The move is being viewed as one of the world’s largest redundancy programmes in recent years.
HP is reportedly going to confirm the news of the job cuts when it updates shareholders next Wednesday. The Silicon Valley giant is known to employ 324,600 people worldwide, but it is not yet clear where the bulk of the job losses will occur. HP told TechWeekEurope it is “not commenting on this speculation.”
The news of the cuts comes as HP is being viewed by some industry observers as being too slow to adapt to the growing popularity of the tablet form factor and the growing influence of the cloud. HP also plans to merge its PC and printer groups.
Apotheker had been brought into HP in order to steady the ship after HP’s previous CEO, Mark Hurd, was forced to resign in the face of sexual harassment issues in August 2010.
However, Apotheker’s brief tenure at HP witnessed a number of controversial decisions including the possible spin off of HP’s PC business in favour of a focus on software, the acquisition of Autonomy and its ill-fated WebOS and TouchPad tablet foray.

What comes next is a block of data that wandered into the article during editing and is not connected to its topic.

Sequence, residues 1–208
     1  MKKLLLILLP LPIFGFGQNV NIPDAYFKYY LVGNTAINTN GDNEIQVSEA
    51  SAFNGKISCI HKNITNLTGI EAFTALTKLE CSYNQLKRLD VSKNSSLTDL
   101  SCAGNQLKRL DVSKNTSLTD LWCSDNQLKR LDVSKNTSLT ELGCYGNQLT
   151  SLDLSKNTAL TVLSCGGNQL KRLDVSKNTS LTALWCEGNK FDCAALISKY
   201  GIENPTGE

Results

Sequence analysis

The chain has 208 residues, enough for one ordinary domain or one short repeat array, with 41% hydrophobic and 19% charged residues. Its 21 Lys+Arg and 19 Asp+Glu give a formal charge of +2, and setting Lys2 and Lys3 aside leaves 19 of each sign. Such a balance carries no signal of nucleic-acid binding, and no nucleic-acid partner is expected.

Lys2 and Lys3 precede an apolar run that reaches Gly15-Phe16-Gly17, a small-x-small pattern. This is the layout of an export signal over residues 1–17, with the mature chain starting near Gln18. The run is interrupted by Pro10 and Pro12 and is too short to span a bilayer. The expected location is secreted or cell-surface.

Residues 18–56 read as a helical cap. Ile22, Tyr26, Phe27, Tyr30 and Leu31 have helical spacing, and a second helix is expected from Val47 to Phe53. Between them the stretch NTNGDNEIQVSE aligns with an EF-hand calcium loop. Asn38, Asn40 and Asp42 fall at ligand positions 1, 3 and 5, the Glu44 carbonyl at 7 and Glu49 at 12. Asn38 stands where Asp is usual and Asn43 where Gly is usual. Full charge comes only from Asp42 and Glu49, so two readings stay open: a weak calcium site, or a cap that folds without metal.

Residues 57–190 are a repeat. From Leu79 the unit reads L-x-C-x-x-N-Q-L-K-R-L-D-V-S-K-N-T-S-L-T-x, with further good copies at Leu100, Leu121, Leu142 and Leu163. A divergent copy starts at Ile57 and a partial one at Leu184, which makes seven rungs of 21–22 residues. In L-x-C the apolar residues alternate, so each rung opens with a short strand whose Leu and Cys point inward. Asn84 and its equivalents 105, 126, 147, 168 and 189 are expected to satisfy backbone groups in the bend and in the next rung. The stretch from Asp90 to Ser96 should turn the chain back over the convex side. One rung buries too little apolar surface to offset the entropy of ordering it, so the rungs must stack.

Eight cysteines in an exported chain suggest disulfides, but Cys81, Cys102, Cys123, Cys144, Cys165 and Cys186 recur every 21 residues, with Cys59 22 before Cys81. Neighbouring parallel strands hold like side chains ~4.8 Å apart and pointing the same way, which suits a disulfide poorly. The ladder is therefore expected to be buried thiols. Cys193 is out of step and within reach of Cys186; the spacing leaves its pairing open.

This will not be the first time HP has taken the axe to a significant chunk of its workforce, although nothing close to 30,000.
In June 2011, the company was threatened with strike action over its decision to outsource jobs to India. Prior to that in 2010 it also was threatened with strike action over the axing 1,000 workers at the HP Enterprise Services division. HP had also previously axed 3,400 staff when it acquired outsourcing specialist Electronic Data Systems (EDS) back in 2008.
But HP is not alone in cutting jobs at the moment. This week Dell confirmed it was planning redundancies within its UK workforce. IBM has also announced it would “rebalance” its workforce by axing up to 1,200 positions, again prompting union ire.
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